Doing art and crafts encourages kids to be inventive. “The kind of people society needs to make it move forward are thinking, inventive people who seek new ways and improvements, not people who can only follow directions,” said MaryAnn Kohl, a bestselling children’s books author. “Art is a way to encourage the process and the experience of thinking and making things better,” she added.
Our sons would roll their sleeves and draw their plans for their bedroom:
- Where should they keep their toys? What design is cool for their clothes boxes?
- Should they have tents inside their room?
- What about a swing?
Meanwhile, my husband and I would keep ourselves busy researching for bedroom DIY tips. We searched for practical ways to make our sons’ plans come true. They were the architects, we the construction workers.
When the time for physical work arrived, our kids helped out in some tasks. Andre and his younger twin Joshua got their hands into wall painting, with my husband’s supervision. Their crafts were adorned on the walls, shelves and tables.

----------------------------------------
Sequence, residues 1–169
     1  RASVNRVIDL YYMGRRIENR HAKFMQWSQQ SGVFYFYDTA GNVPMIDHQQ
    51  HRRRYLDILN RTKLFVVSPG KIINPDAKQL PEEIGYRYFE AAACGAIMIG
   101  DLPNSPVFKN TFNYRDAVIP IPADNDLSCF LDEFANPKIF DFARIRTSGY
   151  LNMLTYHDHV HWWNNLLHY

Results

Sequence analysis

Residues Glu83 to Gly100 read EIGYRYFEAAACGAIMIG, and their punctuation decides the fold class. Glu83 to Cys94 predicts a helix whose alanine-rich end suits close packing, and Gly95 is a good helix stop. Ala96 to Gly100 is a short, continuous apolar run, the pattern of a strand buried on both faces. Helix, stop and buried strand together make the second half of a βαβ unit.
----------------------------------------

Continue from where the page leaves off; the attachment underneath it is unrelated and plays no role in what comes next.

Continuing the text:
Getting our kids into arts was not only good for our kids but also helpful to me and husband. It was a genius way of encouraging them to disconnect from their electronic gadgets and spend time with us.
I myself found my work-related stress level decrease throughout the bedroom decorating project. Sure, I would worry a bit if the carpet I ordered would arrive on time or whether the curtains would fit the windows, but these were happy problems I share with my family.
Watching TV together on Saturday nights are fun, but nothing beats doing an art and decorating project with your family and seeing your combined hard work come into fruition.
How have you used creativity to help your kids disconnect from their gadgets? Comment below!
About the author: Aby is a qualitative researcher and a passionate writer. She writes mostly about health, psychology, technology, and marketing.